On Saturday, Feb. 4, that same fire took the shape of power wheelchairs and an oversized soccer ball. The Power Wheelchair Soccer Tournament hosted teams from Indiana and New York at Fairlawn Mennonite Church in Apple Creek.
With every goal scored, the lines blurred between disability and ability—which is exactly what Lisa Followay intended. It’s precisely what she’s been striving for since her own son, Casey Followay, was diagnosed with spina bifida 15 years ago.
Currently, she is the executive director of ASPO, which is a nonprofit organization that provides inclusive sports for individuals with physical disabilities. Followay runs the program out of Wooster and shares hope of stretching the cause throughout Ohio.
“Our soccer athletes love the sport and love every opportunity they get to play. They, of course, would have preferred to win one of their games at the tournament but still had a great time,” said Followay.
Team CNY of New York won the championship game and all preceding games. Turnstone Flyers of Indiana took second place in the championship game. The Turnstone Furious Flyers of Indiana took third with team Force of ASPO coming in fourth place.
“The best part about power wheelchair soccer is that it is the first sport specifically designed for power wheelchair users. These athletes are lower functioning physically and typically are not able to participate in other adaptive sports that require more physical strength. The mental element, however, is still very much a part of the game,” Followay continued.
The differences between power wheelchair soccer and a typical game of soccer were minimal. The rules remained the same, with adaptations for the chairs. The players were also required to have a foot guard attached to the wheelchair, allowing them to kick, strike and hit.
“The players hone their skills in controlling their chair, watching the ball and developing strategies on the field of play. I love it when I watch the athletes play and see the look of determination on their faces. When they take their place on the field, everything related to their disability and their daily struggles are removed and all that remains are athletes playing the sport they love,” Followay said.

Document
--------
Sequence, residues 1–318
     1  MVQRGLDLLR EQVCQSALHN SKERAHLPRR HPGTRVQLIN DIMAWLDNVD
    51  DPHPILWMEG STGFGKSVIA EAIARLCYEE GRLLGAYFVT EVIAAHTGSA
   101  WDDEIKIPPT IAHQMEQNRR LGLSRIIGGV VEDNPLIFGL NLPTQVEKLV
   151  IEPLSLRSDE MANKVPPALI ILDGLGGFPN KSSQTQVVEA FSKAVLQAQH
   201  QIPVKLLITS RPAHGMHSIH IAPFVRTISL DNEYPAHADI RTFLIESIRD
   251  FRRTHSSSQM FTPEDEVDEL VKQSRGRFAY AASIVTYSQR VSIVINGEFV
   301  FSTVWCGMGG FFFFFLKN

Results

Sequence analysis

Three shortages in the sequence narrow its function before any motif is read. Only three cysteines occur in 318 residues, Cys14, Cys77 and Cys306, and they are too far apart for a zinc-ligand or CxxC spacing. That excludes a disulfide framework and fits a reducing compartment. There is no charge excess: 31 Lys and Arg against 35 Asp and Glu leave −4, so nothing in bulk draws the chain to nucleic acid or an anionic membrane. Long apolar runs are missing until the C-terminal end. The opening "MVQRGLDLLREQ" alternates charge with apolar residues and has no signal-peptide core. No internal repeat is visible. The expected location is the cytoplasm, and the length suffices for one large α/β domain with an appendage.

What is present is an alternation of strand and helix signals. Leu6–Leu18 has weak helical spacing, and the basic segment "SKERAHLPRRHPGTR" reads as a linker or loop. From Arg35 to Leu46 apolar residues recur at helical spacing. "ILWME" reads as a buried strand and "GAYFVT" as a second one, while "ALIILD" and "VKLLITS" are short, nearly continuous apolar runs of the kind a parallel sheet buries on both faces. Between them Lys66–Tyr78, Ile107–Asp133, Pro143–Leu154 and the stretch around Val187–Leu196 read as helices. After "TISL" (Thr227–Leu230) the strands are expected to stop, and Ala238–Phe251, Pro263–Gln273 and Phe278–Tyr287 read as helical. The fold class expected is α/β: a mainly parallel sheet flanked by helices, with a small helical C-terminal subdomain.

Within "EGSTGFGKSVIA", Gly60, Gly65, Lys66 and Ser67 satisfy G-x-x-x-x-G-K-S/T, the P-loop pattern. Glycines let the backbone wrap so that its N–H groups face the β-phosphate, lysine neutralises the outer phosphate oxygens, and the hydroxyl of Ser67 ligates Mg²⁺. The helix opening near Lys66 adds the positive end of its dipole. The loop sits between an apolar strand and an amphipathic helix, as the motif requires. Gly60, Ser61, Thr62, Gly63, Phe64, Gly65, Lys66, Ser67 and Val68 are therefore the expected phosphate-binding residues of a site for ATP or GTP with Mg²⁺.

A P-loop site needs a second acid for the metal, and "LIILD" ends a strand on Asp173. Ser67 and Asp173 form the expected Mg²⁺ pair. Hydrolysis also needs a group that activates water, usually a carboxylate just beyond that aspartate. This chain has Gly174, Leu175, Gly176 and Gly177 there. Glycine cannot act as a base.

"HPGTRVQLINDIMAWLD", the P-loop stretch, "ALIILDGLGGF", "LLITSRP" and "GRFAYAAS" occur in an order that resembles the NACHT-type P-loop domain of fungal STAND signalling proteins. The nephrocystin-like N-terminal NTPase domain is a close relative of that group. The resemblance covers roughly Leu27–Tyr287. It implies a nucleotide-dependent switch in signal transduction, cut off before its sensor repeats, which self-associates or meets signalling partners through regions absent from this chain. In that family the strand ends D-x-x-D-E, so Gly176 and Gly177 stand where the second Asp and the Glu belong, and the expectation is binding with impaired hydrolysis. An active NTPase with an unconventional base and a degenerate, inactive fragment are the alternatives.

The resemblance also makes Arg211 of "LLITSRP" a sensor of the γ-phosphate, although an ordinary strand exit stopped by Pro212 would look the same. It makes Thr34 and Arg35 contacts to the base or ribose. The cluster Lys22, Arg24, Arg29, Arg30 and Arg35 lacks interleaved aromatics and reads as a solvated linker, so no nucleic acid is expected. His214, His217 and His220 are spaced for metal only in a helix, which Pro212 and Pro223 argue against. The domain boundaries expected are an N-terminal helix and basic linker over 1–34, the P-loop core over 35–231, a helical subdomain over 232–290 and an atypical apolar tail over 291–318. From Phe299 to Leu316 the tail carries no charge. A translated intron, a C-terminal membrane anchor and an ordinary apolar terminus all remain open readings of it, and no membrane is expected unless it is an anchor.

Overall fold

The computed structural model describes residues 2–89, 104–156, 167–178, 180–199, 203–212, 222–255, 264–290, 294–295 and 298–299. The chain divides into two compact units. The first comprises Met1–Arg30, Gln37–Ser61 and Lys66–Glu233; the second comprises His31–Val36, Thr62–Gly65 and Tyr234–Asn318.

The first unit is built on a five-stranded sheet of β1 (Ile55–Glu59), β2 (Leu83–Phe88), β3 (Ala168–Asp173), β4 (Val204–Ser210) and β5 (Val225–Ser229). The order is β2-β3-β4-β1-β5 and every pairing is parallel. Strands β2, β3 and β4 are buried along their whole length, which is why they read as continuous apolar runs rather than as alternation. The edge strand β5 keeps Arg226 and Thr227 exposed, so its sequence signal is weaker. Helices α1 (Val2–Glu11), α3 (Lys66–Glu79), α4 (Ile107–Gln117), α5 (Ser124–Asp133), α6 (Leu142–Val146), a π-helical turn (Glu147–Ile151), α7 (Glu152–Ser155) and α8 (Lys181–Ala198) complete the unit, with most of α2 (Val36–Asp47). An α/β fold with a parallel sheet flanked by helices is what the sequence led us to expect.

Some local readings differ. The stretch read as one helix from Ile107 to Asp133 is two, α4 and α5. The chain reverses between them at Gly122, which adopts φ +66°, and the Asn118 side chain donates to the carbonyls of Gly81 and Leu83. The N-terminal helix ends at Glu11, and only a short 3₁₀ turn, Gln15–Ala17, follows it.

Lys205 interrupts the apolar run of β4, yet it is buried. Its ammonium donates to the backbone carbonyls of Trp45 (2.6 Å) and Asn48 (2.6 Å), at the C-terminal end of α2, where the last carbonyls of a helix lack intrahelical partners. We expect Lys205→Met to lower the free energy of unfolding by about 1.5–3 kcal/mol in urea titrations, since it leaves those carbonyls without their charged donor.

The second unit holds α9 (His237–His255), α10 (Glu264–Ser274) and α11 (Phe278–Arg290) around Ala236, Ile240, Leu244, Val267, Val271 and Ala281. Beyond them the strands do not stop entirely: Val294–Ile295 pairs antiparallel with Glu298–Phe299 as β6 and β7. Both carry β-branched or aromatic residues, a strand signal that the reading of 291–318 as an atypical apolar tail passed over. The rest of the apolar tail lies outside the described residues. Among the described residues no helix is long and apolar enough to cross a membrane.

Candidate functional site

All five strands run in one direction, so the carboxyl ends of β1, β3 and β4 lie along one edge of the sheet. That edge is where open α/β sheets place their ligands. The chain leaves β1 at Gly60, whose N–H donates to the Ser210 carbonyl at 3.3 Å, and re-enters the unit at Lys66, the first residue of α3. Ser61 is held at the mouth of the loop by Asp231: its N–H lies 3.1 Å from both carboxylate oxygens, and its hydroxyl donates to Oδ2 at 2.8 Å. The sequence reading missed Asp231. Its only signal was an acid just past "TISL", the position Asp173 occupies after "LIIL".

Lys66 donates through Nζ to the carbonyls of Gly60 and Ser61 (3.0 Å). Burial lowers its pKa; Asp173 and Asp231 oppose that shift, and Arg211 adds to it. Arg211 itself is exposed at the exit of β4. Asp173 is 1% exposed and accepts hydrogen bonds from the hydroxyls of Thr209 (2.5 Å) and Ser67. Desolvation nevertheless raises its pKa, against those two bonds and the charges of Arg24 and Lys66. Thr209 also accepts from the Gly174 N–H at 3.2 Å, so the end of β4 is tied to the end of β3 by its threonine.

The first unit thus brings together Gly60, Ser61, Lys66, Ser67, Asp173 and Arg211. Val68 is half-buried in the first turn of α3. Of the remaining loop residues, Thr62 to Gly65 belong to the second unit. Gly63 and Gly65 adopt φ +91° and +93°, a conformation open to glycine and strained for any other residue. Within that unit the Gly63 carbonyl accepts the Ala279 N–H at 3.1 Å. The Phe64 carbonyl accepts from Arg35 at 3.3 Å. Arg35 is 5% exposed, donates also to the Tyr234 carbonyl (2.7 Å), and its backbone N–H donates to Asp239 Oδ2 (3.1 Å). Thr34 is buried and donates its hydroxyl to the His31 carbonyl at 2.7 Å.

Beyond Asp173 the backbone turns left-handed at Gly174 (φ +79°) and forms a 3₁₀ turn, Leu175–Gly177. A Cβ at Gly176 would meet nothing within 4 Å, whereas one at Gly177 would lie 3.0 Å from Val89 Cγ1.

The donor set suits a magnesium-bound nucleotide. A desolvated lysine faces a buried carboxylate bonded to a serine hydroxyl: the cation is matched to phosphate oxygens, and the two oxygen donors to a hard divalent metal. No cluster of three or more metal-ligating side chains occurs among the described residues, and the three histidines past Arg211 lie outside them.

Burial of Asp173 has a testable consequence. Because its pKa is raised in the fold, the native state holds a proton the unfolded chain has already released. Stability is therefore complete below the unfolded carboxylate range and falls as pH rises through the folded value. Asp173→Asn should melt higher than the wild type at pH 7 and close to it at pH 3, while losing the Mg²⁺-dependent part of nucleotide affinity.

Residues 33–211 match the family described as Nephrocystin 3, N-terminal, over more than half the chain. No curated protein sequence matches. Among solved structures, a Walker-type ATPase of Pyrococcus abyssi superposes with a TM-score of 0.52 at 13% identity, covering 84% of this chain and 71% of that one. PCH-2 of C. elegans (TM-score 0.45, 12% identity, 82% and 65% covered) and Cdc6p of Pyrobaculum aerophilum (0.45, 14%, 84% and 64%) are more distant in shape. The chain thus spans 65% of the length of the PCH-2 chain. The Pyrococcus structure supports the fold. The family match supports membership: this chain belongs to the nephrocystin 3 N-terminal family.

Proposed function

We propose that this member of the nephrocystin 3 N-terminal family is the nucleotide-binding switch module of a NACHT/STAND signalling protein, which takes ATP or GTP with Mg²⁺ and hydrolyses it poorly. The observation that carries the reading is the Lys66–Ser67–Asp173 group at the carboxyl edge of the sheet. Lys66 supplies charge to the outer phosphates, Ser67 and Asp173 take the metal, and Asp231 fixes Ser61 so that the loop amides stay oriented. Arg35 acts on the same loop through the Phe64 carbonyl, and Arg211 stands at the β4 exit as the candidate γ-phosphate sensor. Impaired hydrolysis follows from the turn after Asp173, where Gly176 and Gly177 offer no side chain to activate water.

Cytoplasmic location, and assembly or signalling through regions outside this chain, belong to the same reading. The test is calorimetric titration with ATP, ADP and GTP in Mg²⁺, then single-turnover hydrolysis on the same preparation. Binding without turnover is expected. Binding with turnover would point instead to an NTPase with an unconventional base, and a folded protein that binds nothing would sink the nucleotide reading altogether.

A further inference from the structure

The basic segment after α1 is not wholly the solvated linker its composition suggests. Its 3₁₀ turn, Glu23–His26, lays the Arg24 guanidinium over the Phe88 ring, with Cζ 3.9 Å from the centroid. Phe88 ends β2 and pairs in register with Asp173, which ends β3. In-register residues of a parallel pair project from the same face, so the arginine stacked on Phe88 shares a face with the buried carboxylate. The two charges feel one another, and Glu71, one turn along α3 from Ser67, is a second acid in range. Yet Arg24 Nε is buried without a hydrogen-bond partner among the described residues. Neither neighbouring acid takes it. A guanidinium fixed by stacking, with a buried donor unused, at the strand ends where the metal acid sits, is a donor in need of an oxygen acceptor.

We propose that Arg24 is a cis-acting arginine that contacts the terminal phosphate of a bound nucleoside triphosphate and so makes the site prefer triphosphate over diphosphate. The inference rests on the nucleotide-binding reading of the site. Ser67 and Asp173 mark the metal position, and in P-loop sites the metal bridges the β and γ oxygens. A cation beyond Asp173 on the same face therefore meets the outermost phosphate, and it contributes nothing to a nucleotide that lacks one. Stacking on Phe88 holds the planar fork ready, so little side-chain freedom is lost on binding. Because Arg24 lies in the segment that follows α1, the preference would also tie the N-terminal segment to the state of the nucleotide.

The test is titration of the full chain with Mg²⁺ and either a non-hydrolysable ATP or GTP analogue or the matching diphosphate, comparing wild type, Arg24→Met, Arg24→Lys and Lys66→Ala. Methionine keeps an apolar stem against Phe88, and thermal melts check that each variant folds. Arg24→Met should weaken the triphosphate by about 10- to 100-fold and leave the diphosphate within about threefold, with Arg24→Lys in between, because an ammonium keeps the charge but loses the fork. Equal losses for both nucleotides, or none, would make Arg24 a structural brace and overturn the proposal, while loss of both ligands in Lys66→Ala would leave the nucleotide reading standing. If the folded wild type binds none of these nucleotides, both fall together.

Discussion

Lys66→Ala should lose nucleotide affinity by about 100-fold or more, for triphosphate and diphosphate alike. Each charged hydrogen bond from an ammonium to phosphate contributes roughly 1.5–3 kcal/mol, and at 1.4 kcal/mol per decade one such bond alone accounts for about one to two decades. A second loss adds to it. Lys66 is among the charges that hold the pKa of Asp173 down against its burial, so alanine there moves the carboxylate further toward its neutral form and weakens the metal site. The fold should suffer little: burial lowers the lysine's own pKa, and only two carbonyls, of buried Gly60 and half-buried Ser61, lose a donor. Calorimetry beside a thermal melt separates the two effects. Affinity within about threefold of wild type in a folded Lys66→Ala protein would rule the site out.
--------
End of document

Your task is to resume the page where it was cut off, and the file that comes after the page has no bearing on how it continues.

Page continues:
Followay also noted the awareness factor of her work, which remains the undertone of each activity. Not only do the families become aware of the athletics offered, but the community is also introduced to the phenomenon that is adaptive sports.
Likewise, awareness is the first step toward improved opportunities. And improved opportunities can mean better chances of acceptance and appreciation—which is exactly what Followay intended.
“It is at these events that they are surrounded by other athletes facing the same and/or similar struggles and feel at home because everyone there gets it and doesn’t stare at them or ask them questions. It’s great for the athletes socially, mentally and physically. The benefits of this sport and other adaptive sports are very therapeutic and have been proven to increase the overall health and wellness of individuals with disabilities,” Followay concluded.
Sandy Lane, whose son, Vincent Lane, participates in soccer, spoke of the chance ASPO has given her son to spend time with other kids with similar disabilities. In school, there aren’t many students like him. But ASPO’s sports allow them to fit in.
“I think it’s fantastic. It gives the opportunity for all these kids to participate in a sport on a level playing field,” said Lane. “It’s a great opportunity to meet other families like ours.”
Published: February 8, 2012